UK points to declining profits for older aged care homes

Published on

An interesting insight into how the ‘post-COVID’ recovery could pan out in Australia.

The latest figures from Knight Frank show that in the UK, residential aged care occupancy is recovering, but homes aged over 20 years are reporting significantly lower profit margins.

Its 2021 Care Homes Trading Performance Review, which looked at data from 98,000 beds across 781 towns and cities, pointed to signs of stabilising occupancy rates across the UK in the second half of 2020-21.

Occupancy had fallen from 87.8% the previous year to 79.4% as UK aged care homes struggled with COVID-19 outbreaks.

The research shows that operators are seeing increased demand for beds and a corresponding backlog of potential residents, with average weekly fees increasing by 6.7% year-on-year.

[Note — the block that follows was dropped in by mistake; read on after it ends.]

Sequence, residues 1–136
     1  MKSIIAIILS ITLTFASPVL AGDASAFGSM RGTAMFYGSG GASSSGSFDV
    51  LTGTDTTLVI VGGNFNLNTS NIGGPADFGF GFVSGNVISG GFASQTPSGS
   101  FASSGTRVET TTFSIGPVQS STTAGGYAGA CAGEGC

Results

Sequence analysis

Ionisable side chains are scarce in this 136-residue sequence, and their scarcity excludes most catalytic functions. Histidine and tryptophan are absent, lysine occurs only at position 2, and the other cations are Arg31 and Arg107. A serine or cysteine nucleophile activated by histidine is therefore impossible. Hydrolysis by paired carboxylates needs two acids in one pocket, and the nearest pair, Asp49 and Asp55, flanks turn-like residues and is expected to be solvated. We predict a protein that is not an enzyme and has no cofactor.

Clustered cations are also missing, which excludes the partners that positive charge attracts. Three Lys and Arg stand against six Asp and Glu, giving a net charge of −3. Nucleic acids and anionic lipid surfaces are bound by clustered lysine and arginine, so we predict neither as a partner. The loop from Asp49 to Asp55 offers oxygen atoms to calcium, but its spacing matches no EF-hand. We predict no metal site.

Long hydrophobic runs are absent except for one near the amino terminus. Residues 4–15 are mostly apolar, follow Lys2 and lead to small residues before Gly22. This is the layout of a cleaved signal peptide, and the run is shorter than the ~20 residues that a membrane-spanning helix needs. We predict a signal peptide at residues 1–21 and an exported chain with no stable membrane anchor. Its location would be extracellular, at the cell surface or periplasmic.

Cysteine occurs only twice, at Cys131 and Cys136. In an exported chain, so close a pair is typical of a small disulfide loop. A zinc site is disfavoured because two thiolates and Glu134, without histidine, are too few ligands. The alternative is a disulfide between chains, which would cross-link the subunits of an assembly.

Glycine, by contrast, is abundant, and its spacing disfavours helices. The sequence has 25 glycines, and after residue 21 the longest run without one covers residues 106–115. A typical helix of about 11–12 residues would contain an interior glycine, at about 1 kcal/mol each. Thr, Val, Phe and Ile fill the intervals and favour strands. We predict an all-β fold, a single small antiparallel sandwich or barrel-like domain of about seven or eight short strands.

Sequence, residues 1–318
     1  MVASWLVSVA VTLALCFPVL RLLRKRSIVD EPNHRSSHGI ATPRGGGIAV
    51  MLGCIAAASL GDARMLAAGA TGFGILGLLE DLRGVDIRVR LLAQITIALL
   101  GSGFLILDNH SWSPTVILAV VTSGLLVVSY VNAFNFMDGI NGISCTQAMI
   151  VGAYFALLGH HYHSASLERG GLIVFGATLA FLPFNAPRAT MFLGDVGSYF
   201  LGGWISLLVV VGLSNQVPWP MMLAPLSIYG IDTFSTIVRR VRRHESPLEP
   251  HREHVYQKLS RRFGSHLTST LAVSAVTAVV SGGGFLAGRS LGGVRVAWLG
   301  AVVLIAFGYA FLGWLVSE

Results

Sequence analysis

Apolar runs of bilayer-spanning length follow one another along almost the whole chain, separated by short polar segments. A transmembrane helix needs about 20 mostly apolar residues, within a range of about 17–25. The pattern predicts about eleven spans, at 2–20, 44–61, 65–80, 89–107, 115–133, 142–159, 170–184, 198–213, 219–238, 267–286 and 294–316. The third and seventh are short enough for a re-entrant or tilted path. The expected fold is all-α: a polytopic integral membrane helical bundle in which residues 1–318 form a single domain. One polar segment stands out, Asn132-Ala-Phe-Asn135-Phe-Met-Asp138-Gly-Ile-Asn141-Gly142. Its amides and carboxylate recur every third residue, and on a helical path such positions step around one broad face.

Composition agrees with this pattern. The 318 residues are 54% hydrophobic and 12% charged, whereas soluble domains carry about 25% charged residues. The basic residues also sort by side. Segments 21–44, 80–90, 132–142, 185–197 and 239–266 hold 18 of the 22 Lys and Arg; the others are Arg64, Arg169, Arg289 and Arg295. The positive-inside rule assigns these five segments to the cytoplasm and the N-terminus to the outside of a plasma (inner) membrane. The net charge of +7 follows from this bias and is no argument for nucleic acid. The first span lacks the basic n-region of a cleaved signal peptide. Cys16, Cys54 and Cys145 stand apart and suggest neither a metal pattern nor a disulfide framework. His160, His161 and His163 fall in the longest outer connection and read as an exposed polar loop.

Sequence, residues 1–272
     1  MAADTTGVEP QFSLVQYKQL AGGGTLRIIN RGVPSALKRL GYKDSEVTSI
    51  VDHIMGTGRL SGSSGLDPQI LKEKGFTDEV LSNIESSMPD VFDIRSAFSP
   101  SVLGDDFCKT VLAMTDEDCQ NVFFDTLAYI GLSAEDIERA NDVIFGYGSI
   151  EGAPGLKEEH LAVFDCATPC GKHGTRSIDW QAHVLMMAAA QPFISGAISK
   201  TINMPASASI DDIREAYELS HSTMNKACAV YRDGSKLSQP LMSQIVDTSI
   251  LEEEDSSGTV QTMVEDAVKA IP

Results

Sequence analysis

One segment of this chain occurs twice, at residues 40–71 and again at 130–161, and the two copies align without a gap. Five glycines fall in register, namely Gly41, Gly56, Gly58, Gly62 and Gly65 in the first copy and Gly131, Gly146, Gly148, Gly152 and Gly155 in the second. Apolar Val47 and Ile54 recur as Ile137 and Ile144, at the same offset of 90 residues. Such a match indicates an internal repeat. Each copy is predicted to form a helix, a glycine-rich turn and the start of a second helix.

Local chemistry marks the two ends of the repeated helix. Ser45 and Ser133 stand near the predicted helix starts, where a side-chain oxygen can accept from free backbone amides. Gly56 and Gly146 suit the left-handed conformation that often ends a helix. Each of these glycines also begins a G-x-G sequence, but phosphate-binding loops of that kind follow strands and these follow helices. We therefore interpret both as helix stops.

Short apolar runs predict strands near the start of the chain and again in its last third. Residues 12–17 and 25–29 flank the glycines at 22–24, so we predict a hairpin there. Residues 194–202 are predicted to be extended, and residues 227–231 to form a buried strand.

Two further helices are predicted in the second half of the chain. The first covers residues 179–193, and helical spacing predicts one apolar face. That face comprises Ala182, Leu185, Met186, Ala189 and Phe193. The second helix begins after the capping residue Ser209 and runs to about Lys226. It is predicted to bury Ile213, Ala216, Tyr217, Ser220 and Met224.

However, there was a clear difference between the profitability of newer and older stock, with margins dropping from an average of 31.4% for newer homes to 25.2% for older stock.

“The disparity in margins between new and old units is a cause for concern, given the proportion of care homes that are more than 20 years old,” said Julian Evans, Knight Frank Head of Healthcare (pictured).

“However, if developers and operators focus on building new, high-quality homes and retrofitting older units, we remain confident in the future prospects of the sector.”

Easier said than done.